It’s all gloriously wrought in that cheesy, drive-in fashion; a big-budget exploitation movie that has somehow (at least by me) flown under the radar compared to its contemporaries. There are some fantastic overhead shots by cinematographer Kôzô Okazaki and a genuine Japanese feel to the film. This no doubt is attributed to the fact that Pollack, since he shot 95% of the film in Japan, had to use a Japanese crew, adding an authority and authenticity to the film’s milieu. I especially like the scene in the bath house where Kilmer and the Tanner’s bodyguard are taking a soak and a yakuza, swimming underwater, is lunging at Kilmer with a knife. It’s cut together beautifully – Pollack does seem very concerned with not showing too much blood – and is affecting in showing that despite the quiet honor and various codes of honor and respect, this world that Kilmer has plunged himself into is chaotic with sudden bursts of violence.

The Yakuza is very much in the vein of the American western, too. Pollack seems interested in melding B-grade Oaters with the low-budget neo-noir with the obvious influence from the yakuza film to form some kind of odd amalgamation of the three (there’s even a great bit in the movie where, at a yakuza bar, a man sings “My Darling Clementine” – but not before he sings a nice bit of heavy-handed exposition about the yakuza and honor and duty that explains the characters’ motivations). The film was only ever intended to be seen as a B-movie that was to exploit the popular yakuza films that were big hits in Japan (much like how the Shaw Brothers movies and others of their ilk became big grindhouse hits). Pollack at least tries to add depth to an otherwise shallow script, but it also comes off as too overt, and it all seems in vain. The film never really coalesces into a movie that works on both the visceral and personal level. The final 40 minutes is really something; however, it’s borderline unbearable getting there. If it weren’t for the performances (which, knowing what we know, we can always attribute somewhat to Pollack), and the film’s style, then its deliberate pace would be its undoing and The Yakuza would be a slog to get through.

There’s more to the plot than what I’ve recapped above, but it all gets a little crammed and convoluted. What’s important is not so much what happens (in case you haven’t noticed by now, I’m not a plot synopsis kind of reviewer), but how differently things happen in the film than what was originally written in the screenplay. Part of the film’s problems lie in the re-worked script by Robert Towne who came in to “fix” Paul Schrader’s “genre heavy” (as Pollack put it) script. There’s a piece of exposition that explains Kilmer’s backstory and why he and Ken hate each other but will ultimately work together. It comes early in the film and removes any of the potential mystery of Kilmer’s character. If Pollack and Towne had meted this information out throughout the film, I think The Yakuza would have played perfectly as a mix between an existential neo-noir and violent B-movie – a kind of bloody, drive-in version of a Jean-Pierre Melville film. Instead, Pollack insisted on inserting that bit of exposition and a scene where Kilmer meets up with Eiko upon arriving in Tokyo. Pollack would no doubt argue that this detour is essential for Kilmer’s character (again, Pollack believed everything could be understood through the metaphor of individuals connecting/having a relationship); however, it dawdles too long before any kind of thesis has been established in the film. We don’t know that we should care about Kilmer and Eiko because we’re just being thrown into their reunion despite the filmmaker’s best efforts to use montage to break up the monotony of these early scenes.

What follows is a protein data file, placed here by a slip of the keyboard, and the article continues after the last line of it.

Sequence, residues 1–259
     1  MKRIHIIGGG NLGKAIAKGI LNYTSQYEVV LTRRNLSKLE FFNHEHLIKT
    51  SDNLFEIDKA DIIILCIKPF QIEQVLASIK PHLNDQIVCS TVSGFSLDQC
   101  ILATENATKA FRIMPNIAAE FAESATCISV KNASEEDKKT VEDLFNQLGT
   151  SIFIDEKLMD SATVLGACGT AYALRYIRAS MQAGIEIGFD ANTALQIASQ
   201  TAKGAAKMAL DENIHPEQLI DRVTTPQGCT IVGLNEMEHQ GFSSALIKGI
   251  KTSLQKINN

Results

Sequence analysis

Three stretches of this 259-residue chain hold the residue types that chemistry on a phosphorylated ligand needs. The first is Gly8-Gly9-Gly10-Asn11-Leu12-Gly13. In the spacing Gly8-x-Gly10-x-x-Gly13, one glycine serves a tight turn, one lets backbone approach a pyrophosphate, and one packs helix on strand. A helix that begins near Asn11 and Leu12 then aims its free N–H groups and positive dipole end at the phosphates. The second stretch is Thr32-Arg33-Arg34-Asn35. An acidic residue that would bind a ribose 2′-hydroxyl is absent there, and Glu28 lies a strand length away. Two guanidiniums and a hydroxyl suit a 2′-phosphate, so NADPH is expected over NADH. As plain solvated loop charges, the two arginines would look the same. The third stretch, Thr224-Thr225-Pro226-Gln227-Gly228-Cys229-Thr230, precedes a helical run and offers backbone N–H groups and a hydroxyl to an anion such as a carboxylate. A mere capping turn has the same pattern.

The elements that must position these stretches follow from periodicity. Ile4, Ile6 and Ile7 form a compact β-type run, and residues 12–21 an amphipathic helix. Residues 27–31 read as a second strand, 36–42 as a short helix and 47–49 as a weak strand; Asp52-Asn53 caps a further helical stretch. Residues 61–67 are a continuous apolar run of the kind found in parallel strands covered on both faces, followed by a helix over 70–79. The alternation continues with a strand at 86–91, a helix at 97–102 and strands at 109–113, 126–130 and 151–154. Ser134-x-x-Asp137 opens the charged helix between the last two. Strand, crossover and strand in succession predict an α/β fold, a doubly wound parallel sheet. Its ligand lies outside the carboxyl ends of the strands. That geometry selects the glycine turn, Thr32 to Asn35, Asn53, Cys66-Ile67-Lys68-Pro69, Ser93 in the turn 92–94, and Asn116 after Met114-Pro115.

The more salient relationship is the way Pollack juxtaposes Robert Mitchum with Takakura Ken. Pollack, in an interview with Patricia Erens, stated: “I kept cross-cutting between Mitchum and Takakura Ken. Mitchum is an absolute bull and Ken is like a matador. They’re both doing the same thing, but Mitchum is going about it in a pragmatic way while Ken is much more artful.” I like that approach the most about The Yakuza, and it plays to one of the film’s great strengths which is its acting, specifically that of Robert Mitchum. Pollack loved working with Mitchum (he called him an “old, wise horse” because “he’ll go just as hard or as fast as you’ll make him”) and it’s no surprise that Pollack’s greatest strength as a filmmaker (eliciting great performances from stars; I mean just listen to the way Pollack describes Mitchum here – it’s no wonder big time actors likes working with Pollack) motivated Mitchum to give a great performance. Mitchum was one of those old-time actors that knew how to push buttons and get away with murder (or as Pollack describes, “as little as possible…not out of laziness, though…”). There are so many moments where Pollack wisely focuses on Mitchum’s face (In the same interview linked above: “what you see in that face is really there; it’s really been marinated in life”), and when the film slows down for those moments, that is when I feel the film is elevated to the top of Pollack’s oeuvre. However, they are few and far between (just like the action) and the momentum of the film is ruined by too many dull moments that serve as nothing more than bad exposition. One cannot help but think what the film might have been had Pollack kept Paul Schrader’s (reportedly) darker and more violent (and perhaps more terse) script intact.